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Cleveland Bikers to ODOT: “Let Us Cross the Bridge”

Today on the Streetsblog Network [1],
we’ve got the story of some bicyclists who turned out in the bitter
cold last weekend to rally for a bike path to be included in the
reconstruction of the I-90 Innerbelt Bridge.

Advocates
have been pushing for such a path, which would give bikers a direct
route from some of the city’s fastest-growing neighborhoods to
downtown, in the face of continued resistance from the Ohio Department
of Transportation. The thing is, now they have federal policy on their
side.

Here’s what Rustwire.com [2]‘s Nick Wright has to say about the situation:

img_0135_large_225x300.jpgBicyclists demand equal access to a key river crossing in Cleveland.

The bridge is going to be replaced anyway, beginning in 2011. So why not include such a path? It seems rare nowadays that the common sense, the public interest, and federal agency’s directives are on the same page. The Federal Highway Administration’s officially adopted policy [3] for new transportation infrastructure, you would think, makes it easy for ODOT to give the path a green light:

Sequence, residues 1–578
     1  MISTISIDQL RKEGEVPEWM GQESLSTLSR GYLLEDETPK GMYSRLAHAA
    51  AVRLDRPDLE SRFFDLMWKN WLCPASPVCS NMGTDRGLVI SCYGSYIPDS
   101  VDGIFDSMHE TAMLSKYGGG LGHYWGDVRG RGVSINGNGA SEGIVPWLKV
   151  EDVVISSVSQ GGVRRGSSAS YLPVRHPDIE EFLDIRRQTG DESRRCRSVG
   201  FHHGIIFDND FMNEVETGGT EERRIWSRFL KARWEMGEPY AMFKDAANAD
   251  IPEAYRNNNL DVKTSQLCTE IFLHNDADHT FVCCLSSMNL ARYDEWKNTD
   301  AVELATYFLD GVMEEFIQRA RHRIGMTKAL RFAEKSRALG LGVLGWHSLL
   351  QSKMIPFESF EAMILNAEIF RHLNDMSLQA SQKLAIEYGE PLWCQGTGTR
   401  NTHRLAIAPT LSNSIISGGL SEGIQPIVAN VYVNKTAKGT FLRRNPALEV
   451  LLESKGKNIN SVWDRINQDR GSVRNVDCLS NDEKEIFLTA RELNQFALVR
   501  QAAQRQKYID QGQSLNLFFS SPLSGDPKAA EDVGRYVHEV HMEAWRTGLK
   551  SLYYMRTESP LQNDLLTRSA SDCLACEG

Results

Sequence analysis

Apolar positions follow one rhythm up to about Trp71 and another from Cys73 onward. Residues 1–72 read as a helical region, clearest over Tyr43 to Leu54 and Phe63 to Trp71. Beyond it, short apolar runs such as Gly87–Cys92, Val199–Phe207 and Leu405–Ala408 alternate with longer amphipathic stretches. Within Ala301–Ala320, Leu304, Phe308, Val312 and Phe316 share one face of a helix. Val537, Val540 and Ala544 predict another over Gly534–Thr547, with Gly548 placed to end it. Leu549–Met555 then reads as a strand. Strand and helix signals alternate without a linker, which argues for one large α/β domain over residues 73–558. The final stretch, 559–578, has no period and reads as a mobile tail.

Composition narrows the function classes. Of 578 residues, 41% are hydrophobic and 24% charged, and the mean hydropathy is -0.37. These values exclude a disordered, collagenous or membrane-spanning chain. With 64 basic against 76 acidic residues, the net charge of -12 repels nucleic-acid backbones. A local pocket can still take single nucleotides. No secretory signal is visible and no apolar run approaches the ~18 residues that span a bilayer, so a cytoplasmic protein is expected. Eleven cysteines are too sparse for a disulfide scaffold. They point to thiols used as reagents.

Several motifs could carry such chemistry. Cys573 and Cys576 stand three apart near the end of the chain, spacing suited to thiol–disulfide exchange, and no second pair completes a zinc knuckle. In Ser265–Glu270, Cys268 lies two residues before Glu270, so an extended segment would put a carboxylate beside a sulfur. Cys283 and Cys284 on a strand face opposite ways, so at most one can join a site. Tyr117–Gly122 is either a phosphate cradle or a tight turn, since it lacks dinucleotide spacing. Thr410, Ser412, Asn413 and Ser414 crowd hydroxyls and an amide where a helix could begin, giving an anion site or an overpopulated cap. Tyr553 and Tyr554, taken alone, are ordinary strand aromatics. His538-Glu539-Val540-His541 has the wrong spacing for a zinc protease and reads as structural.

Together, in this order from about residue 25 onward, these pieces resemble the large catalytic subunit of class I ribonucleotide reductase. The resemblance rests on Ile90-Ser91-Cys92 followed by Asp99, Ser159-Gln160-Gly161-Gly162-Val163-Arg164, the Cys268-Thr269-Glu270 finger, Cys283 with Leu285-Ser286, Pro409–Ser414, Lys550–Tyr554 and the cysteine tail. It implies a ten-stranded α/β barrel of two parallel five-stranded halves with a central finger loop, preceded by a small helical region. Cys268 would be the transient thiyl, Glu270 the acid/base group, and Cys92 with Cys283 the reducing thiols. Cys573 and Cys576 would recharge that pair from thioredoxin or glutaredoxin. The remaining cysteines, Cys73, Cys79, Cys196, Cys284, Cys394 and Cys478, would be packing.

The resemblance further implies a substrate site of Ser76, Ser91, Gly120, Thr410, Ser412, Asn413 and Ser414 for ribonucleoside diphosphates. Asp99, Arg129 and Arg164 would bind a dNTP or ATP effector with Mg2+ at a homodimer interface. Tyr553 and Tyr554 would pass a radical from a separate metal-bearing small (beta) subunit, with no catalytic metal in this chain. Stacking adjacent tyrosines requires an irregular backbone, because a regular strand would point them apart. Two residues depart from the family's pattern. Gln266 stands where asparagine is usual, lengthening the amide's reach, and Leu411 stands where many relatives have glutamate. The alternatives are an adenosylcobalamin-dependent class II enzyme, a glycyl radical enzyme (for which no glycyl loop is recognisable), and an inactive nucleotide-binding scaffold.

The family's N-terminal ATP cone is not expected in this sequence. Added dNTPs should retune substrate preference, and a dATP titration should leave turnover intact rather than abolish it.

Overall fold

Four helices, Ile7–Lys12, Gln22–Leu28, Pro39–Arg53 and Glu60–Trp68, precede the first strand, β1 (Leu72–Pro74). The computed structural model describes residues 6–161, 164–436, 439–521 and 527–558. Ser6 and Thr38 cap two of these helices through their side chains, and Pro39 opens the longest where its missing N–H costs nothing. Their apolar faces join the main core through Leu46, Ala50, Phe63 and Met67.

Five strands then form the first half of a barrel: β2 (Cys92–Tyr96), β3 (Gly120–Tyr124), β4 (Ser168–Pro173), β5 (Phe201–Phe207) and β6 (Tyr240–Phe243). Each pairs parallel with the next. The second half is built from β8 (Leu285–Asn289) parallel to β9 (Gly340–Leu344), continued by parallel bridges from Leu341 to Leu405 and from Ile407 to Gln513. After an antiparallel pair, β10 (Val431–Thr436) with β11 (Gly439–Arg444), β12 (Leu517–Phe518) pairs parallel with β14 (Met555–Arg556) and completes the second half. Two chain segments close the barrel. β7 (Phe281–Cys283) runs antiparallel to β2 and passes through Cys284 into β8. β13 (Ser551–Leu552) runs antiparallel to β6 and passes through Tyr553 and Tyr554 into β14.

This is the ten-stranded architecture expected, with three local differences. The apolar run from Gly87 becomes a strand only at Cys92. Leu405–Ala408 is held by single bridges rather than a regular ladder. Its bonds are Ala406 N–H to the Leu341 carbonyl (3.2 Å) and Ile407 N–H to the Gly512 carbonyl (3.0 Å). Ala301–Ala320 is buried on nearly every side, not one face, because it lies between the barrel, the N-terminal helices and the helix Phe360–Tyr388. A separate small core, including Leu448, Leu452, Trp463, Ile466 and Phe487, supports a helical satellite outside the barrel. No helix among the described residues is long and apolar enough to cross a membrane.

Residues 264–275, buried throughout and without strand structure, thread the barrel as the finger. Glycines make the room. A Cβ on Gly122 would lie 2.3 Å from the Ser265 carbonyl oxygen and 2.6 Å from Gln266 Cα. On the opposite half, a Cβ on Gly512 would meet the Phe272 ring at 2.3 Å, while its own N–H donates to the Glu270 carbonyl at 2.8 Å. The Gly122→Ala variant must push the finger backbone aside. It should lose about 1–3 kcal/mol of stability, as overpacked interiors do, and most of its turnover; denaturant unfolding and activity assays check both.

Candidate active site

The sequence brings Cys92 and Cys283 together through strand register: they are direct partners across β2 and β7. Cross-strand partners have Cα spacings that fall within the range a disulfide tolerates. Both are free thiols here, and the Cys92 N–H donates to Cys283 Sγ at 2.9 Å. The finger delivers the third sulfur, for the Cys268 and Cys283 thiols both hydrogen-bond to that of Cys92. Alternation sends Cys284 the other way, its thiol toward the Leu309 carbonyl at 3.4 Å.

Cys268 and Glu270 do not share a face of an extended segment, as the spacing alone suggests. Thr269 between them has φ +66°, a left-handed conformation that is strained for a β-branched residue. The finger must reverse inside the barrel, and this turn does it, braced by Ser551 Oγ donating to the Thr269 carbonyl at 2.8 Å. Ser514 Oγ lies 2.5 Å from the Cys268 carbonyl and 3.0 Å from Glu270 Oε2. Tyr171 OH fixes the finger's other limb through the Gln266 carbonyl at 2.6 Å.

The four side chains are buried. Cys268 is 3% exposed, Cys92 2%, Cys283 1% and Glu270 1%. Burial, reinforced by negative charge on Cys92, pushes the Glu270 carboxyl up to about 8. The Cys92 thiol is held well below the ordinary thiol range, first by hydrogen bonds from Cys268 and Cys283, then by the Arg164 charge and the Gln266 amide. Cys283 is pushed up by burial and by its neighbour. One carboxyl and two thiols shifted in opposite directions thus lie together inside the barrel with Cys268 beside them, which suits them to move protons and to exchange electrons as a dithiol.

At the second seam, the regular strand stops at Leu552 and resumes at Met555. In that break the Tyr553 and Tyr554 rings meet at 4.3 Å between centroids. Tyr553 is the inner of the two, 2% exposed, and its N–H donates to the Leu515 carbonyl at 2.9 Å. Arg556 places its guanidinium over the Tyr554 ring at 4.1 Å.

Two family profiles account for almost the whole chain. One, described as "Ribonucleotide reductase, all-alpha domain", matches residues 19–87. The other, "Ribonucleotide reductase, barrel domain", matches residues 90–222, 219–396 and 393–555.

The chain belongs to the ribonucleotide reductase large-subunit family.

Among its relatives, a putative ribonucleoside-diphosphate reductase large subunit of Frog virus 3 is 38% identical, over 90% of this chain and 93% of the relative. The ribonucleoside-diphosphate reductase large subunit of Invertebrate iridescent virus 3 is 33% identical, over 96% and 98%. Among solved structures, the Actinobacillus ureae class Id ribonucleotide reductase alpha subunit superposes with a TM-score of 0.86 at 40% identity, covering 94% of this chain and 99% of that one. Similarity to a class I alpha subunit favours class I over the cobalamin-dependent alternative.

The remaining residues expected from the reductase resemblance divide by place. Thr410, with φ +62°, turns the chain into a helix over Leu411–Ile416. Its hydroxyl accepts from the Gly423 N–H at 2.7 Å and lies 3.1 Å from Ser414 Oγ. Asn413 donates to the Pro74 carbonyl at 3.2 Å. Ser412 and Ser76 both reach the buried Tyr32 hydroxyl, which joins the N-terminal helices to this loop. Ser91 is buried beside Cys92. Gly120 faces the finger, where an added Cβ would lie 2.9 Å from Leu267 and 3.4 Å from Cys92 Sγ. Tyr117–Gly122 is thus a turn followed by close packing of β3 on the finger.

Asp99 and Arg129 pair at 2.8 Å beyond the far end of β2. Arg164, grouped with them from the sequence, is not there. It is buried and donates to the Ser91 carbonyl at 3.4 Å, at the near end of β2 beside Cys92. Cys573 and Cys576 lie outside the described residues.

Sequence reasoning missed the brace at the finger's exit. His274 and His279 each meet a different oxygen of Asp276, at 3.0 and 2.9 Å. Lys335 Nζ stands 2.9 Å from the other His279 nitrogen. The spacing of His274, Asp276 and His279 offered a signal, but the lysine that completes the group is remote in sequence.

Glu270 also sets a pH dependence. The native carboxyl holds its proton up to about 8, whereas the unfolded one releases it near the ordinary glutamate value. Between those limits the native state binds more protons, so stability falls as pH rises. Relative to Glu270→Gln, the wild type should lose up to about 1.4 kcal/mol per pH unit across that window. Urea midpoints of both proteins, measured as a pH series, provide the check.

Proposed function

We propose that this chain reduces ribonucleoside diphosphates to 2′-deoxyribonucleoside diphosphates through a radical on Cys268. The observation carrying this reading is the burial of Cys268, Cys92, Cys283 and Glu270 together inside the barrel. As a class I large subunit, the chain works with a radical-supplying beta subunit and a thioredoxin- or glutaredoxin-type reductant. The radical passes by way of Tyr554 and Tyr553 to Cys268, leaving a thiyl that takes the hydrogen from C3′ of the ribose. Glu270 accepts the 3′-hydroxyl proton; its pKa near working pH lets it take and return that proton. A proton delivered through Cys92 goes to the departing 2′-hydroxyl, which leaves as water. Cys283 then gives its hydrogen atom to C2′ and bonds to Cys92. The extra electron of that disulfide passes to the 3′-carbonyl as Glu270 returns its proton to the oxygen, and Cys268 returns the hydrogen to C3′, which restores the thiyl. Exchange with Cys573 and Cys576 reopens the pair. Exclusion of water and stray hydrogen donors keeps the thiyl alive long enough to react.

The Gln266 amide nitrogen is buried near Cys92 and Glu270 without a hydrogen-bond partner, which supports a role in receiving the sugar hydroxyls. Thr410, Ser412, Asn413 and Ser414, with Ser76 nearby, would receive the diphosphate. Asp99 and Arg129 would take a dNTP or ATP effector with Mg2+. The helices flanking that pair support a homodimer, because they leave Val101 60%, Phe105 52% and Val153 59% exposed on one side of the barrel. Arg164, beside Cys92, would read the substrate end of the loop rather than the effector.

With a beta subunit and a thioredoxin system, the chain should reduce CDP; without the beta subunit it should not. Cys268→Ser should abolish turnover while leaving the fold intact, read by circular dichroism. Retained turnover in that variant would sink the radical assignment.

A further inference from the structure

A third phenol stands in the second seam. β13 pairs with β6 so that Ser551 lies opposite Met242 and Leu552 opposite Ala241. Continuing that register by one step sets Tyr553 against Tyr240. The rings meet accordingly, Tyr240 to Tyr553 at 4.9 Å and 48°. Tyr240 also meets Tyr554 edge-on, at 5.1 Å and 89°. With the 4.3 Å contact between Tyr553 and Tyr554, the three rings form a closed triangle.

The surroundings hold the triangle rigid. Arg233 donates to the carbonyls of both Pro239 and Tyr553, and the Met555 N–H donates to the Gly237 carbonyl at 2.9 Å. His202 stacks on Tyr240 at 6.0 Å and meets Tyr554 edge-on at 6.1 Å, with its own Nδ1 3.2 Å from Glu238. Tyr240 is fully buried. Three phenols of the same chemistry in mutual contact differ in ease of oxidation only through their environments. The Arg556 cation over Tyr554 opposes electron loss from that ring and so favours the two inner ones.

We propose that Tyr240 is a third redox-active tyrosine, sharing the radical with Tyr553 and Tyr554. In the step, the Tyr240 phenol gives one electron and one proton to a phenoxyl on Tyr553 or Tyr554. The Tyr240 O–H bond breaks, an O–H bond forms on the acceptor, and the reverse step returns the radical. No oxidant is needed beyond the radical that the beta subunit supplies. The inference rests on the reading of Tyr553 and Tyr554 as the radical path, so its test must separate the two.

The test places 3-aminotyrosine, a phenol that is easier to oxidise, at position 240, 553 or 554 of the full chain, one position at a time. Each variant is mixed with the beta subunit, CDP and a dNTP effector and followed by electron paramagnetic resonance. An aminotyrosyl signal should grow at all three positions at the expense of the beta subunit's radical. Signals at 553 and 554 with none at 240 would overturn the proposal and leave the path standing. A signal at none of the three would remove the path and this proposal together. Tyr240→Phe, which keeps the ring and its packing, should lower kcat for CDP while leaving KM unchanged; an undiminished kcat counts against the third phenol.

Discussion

"Every transportation
agency has the responsibility and the opportunity to make a difference
to the bicycle-friendliness and walkability of our communities. The
design information to accommodate bicyclists and pedestrians is
available, as is the funding."

…Given the
scale and scope of the I-90 Inner Belt project, the state and feds
cannot afford…to invest in infrastructure that solely
caters to the automobile.…[I]f a bike/ped
path along the contour of a roaring interstate highway bridge isn’t
easy and innocuous enough, then the horizon is bleak for our
Clevelands, Detroits, Buffalos and Toledos.

More from around the network: The City Fix [4] has a video on Los Angeles’s slick marketing campaign for Metro. WalkBikeJersey [5] reports on the rebirth of bicycle advocacy in Jersey City. And Bike Delaware [6] says it’s time for action on a three-foot passing law in that state.